Vocational Training Center Rolls Into Northern Michigan
The “Fab Lab,” a 44-foot trailer, is North Central Michigan College’s latest acquisition. The trailer houses a mobile digital fabrication lab and doubles as a classroom on wheels. Its purpose is to equip and help students consider a career in high-tech manufacturing and gain credits toward a college certificate or engineering degree.
Unveiled to the public at a ribbon-cutting ceremony in Petoskey, Michigan this spring, the Fab Lab contains 12 state-of-the-art computers loaded with SURFCAM and AutoCAD design programs, a lathe-turning center, and milling equipment. Inspired by a similar mobile unit based in Appleton, Wisconsin, the lab is unique in its rural locale, offering workplace simulations and hands-on training to high school and college students in advanced machining.
Greg Chamberlin drives the Ford pickup that pulls the lab. It can effortlessly set up shop in the parking lots of area high schools, the community college, and even at local factories. Courses in the Fab Lab will start in fall 2014 and be limited to 12 students, to allow for plenty of one-on-one coaching time and interaction with the instructor.
In keeping with a popular trend, lawmakers and governors throughout the United States are aggressively promoting vocational education alternatives and voc-tech careers, including Michigan Gov. Rick Snyder, a Republican. The training blends artistry with science, math, and engineering study, and it can lead to fulfilling careers that do not require a traditional college degree. As machining becomes less about physical labor and more about technical skill, it requires some training but not traditional academic study.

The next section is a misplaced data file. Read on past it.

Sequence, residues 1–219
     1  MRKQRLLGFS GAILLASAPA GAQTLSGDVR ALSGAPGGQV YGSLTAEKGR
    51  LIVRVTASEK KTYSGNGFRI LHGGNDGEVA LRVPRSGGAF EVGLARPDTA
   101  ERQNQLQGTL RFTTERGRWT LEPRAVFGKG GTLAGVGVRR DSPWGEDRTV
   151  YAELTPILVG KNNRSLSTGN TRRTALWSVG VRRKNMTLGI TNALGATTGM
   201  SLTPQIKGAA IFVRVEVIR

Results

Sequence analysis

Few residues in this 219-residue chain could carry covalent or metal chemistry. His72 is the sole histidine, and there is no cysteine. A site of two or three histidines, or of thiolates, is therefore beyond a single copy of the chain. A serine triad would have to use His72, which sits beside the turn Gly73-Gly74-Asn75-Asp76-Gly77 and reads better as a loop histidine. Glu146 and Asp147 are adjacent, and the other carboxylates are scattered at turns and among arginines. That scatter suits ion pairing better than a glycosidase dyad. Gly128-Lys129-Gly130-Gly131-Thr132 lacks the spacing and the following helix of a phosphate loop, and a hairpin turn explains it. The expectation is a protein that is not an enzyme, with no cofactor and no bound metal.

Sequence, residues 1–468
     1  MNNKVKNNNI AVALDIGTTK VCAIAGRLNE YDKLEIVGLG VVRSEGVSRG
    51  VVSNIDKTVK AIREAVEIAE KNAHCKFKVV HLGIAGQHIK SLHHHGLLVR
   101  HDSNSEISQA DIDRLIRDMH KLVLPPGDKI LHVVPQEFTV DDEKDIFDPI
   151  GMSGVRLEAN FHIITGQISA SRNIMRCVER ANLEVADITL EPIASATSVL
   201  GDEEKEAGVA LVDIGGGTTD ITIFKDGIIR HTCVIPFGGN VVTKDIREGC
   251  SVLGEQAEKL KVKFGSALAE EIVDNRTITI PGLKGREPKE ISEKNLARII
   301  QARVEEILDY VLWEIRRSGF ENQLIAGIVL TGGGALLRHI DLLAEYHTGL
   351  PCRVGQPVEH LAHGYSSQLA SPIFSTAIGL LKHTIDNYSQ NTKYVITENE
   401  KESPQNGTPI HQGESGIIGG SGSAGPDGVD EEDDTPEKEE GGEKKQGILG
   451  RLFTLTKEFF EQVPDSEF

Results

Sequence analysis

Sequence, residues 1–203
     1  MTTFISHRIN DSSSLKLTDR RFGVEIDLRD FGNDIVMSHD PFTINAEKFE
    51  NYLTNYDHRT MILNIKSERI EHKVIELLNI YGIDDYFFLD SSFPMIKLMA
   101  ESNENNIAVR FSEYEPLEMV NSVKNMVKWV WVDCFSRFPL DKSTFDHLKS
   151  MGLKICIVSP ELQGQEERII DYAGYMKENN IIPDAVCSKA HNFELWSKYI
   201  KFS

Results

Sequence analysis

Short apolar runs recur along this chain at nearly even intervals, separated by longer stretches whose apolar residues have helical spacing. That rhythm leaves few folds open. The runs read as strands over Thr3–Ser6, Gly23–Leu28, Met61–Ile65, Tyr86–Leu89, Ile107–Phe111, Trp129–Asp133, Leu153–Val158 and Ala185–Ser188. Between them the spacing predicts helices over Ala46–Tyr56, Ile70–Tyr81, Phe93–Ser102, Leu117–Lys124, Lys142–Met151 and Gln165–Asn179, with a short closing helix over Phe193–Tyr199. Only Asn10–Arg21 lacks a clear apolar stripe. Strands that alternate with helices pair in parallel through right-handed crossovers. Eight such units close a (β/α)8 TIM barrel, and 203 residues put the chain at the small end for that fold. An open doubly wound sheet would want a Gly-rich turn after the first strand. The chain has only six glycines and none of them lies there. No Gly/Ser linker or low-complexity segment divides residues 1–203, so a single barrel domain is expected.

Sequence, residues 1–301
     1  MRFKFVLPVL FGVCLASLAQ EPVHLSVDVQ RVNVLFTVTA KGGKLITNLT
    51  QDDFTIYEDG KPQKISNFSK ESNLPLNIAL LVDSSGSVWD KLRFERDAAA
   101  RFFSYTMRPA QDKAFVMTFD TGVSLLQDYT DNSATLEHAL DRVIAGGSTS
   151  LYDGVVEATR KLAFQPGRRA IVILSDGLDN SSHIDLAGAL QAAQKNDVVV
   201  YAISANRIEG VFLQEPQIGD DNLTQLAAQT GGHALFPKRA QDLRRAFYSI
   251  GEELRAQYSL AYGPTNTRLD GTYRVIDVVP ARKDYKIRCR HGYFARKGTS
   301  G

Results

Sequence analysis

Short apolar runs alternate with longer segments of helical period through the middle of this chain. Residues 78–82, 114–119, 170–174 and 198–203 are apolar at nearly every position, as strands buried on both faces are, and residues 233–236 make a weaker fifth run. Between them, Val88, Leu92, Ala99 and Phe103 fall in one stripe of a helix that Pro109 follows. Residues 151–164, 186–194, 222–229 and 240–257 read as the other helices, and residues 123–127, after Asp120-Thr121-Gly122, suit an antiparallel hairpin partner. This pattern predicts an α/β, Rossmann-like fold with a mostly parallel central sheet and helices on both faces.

Demand from Local Employers
The lab, which cost $350,000 to fund, responds to manufacturers in the area, who are looking to hire more employees, said Carol Laenen, the communications director for North Central Michigan College.
Precision Edge Surgical Products of Boyne City and Sault Ste. Marie, and ACAT Global LLC (which has a production facility in Charlevoix, Michigan) are among the private-sector entities that partnered with the college and the nonprofit Northern Lakes Economic Alliance to bring this one-of-a-kind vehicle to fruition. Precision Edge, for instance, uses CNC systems and is eager to dramatically increase the size of its workforce in the coming years with new hires from the region.
“We can really provide training for people to start getting the jobs which those companies are going to need to fill,” notes Kevin Glines, North Central Michigan College’s director of industrial fabrication.
The U.S. Bureau of Labor Statistics estimates job growth of 7 percent for computer-controlled machine tool operators from 2008 to 2018, with salaries ranging from $32,000 to $56,400. Other possible careers training program grads could qualify for include programmer, computer-aided design model maker, and lathe operator.
During a recent visit to the north side of Michigan’s Lower Peninsula, Snyder, who received a plaque made in the mobile fabrication lab, tweeted, “Toured the mobile digital Fab Lab in Petoskey. It’s a great tool for manufacturing training.”
Image courtesy of North Central Michigan College.